Mendoza Lab

Current Research

Evaluation of a Walking School Bus Program

With funding from the National Cancer Institute, the Mendoza team is leading a five-year study of a program called the "walking school bus," where adults supervise groups of kids as they walk to school. The study's researchers and staff oversee walking school buses in low-income areas where childhood obesity rates are highest. The goals include helping kids become more physically active and maintain a healthy body weight, and teaching them how to walk and bike safely. The study was featured in a recent KOMO news story, and six Seattle schools are participating for the 2015-2016 school year. Washington State Governor Jay Inslee and Seattle Mayor Ed Murray have kindly helped with walking school bus kick offs events for this project.


Evaluation of a Bicycle Train Program

With funding from the National Heart, Lung and Blood Institute, Mendoza and his colleagues are conducting a pilot study to investigate the health impacts of "bicycle train" programs in low-income areas, where kids are supervised while they bike to school. Study participants get free bikes and safety training from the Cascade Bicycle Club, and learn bike maintenance from Bike Works. As featured in KOMO and Huffington Post news stories, this study could provide important preliminary data to motivate a larger study, which could help determine whether bicycle trains should be incorporated into public policy.


Improving Physical Activity in Adolescent and Young Adult Cancer Survivors

The Mendoza team is conducting a study in partnership with Fred Hutchinson Cancer Research Center where participants use a Fitbit device to track physical activity (step counts) and then try to meet personalized step goals. Study participants are also encouraged to engage in a private Facebook group of their study participants to share their physical activity experiences and motivate each other. The study’s objective is to learn about how using an activity tracking device and a Facebook group can be used to promote the physical activity of survivors of cancer.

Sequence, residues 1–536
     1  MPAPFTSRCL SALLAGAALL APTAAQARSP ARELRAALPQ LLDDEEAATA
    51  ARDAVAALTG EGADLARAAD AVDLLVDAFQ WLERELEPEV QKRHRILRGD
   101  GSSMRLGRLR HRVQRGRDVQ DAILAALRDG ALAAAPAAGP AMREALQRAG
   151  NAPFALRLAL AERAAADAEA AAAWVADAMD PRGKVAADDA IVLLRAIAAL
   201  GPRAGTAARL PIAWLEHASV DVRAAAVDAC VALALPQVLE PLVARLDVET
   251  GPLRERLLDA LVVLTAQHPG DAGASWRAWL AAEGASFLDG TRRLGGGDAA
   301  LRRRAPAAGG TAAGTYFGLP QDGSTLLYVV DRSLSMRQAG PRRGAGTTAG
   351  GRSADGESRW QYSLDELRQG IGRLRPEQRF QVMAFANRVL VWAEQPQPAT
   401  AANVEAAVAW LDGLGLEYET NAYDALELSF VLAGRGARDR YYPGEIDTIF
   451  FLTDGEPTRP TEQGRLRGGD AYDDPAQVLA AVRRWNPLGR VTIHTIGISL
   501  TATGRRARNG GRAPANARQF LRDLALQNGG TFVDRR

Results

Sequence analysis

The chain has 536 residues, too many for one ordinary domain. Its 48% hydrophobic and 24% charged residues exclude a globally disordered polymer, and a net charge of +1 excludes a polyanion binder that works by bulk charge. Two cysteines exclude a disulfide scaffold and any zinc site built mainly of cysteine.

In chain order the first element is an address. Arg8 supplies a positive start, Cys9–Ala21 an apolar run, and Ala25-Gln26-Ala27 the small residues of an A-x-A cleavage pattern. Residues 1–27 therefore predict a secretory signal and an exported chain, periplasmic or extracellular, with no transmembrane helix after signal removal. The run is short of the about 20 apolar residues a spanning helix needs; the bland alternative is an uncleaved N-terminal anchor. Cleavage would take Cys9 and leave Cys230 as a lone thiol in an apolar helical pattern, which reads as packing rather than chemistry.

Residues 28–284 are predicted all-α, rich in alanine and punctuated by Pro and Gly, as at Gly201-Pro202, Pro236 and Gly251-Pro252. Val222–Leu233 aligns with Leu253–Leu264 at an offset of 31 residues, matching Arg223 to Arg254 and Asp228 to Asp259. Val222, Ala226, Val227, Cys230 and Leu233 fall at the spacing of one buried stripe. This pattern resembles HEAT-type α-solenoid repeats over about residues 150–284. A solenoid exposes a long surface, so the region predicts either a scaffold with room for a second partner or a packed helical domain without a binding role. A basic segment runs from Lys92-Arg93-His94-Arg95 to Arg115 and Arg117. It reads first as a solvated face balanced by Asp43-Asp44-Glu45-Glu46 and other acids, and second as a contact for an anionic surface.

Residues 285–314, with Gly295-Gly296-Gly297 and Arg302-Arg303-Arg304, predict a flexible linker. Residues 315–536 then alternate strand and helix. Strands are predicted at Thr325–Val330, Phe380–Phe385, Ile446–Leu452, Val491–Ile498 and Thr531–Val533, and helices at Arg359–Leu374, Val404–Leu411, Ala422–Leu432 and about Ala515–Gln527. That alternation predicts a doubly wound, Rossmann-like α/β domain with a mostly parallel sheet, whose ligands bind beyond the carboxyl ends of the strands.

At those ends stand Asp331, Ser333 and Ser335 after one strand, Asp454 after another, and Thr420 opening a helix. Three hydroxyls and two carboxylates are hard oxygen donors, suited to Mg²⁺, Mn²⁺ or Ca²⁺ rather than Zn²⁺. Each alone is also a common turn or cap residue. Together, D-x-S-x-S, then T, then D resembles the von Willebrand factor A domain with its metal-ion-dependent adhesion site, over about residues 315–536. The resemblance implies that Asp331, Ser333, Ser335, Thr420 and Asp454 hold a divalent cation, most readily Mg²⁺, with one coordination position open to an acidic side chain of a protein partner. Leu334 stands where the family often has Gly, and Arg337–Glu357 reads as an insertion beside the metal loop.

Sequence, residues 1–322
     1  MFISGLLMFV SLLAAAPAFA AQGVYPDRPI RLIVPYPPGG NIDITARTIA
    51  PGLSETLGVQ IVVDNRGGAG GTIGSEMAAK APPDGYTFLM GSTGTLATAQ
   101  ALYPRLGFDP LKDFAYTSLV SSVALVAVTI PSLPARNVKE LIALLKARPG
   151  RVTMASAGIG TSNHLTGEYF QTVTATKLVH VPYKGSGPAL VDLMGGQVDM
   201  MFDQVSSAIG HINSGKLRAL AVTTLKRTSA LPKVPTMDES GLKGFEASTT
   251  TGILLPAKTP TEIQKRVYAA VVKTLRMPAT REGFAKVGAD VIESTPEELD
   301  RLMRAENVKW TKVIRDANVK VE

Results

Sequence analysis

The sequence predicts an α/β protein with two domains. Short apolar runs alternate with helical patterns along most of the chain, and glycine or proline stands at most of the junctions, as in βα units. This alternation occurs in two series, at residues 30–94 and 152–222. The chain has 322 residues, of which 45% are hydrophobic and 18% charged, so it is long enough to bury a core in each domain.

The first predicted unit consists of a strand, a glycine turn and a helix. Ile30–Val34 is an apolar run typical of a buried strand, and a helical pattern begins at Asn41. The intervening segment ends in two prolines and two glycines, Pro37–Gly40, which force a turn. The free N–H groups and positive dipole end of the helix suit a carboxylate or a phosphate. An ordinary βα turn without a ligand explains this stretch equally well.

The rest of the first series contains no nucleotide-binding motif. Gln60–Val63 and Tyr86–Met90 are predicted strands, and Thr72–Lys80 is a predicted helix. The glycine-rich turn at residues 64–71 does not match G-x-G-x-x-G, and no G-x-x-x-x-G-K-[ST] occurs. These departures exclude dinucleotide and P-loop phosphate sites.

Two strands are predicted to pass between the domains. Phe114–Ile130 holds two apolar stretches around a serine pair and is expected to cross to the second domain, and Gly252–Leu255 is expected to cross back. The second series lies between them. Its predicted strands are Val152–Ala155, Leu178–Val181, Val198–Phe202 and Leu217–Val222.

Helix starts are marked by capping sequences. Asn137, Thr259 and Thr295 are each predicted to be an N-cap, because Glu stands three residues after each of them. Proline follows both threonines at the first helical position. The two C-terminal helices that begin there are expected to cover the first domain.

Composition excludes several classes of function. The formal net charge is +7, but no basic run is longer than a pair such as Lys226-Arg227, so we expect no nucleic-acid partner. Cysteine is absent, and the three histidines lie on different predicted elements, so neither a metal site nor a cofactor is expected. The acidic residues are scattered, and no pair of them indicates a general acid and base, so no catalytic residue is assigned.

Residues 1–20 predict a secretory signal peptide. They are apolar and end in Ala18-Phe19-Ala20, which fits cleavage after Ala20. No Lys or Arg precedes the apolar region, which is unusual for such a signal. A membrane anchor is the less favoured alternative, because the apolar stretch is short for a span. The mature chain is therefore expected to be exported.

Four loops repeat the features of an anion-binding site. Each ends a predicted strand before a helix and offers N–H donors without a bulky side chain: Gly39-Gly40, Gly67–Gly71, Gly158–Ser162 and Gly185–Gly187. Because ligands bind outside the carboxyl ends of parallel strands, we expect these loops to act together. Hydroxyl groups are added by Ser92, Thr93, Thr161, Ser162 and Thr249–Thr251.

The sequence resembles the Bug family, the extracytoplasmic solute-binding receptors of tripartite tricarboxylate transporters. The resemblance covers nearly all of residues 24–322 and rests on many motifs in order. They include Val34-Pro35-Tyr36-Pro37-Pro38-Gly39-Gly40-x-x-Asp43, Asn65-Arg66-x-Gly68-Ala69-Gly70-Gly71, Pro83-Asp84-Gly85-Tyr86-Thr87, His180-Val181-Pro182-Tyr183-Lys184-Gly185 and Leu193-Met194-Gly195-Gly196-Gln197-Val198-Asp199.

Read more about adolescents at and young adults at

Reducing Television Viewing to Prevent Obesity in Hispanic Preschool Children

Television viewing and other screen time are major risk factors for childhood obesity. This study evaluates an intervention, called "Fit 5 Kids" (i.e., fit by age 5 years), a preschool curriculum designed to decrease TV viewing/screen time. The goals are to teach participants to decrease their TV watching; encourage alternative activities such as family meals and active playtime; and reduce excess weight gain. 


See the study in action in a recent King 5 Healthlink News Story.

StepByStep: Mobile Health and Social Media Physical Activity Intervention Among Adolescent and Young Adult Childhood Cancer Survivors

In collaboration with Yale, Fred Hutchinson Cancer Research Center, and the Children’s Oncology Group, the Mendoza team is conducting a study building off the previous pilot studies listed above. However, instead of joining a Facebook group to share physical activity experiences and motivate each other, participants will follow a private Instagram page to accomplish the same thing. Participants will be part of the study for a year, and we hope to examine the effectiveness of using activity tracking devices, setting physical activity goals, and leveraging social media to promote the physical activity of cancer survivors.


Participate in Research

Help us answer questions about childhood health and illness, and help other children in the future. Learn more.